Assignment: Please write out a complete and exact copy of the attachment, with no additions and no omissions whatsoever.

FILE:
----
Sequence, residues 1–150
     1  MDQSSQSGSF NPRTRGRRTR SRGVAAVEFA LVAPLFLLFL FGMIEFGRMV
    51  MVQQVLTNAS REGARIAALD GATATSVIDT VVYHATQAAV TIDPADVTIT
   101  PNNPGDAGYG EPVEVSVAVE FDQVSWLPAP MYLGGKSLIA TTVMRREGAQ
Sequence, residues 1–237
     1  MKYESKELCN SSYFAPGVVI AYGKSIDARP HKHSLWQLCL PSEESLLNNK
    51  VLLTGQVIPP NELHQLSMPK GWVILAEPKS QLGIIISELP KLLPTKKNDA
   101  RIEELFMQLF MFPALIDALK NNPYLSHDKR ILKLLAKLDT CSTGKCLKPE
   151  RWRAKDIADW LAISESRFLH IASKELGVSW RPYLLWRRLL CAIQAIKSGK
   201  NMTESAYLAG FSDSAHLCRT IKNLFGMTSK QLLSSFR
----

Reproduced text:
Sequence, residues 1–150
     1  MDQSSQSGSF NPRTRGRRTR SRGVAAVEFA LVAPLFLLFL FGMIEFGRMV
    51  MVQQVLTNAS REGARIAALD GATATSVIDT VVYHATQAAV TIDPADVTIT
   101  PNNPGDAGYG EPVEVSVAVE FDQVSWLPAP MYLGGKSLIA TTVMRREGAQ
Sequence, residues 1–237
     1  MKYESKELCN SSYFAPGVVI AYGKSIDARP HKHSLWQLCL PSEESLLNNK
    51  VLLTGQVIPP NELHQLSMPK GWVILAEPKS QLGIIISELP KLLPTKKNDA
   101  RIEELFMQLF MFPALIDALK NNPYLSHDKR ILKLLAKLDT CSTGKCLKPE
   151  RWRAKDIADW LAISESRFLH IASKELGVSW RPYLLWRRLL CAIQAIKSGK
   201  NMTESAYLAG FSDSAHLCRT IKNLFGMTSK QLLSSFR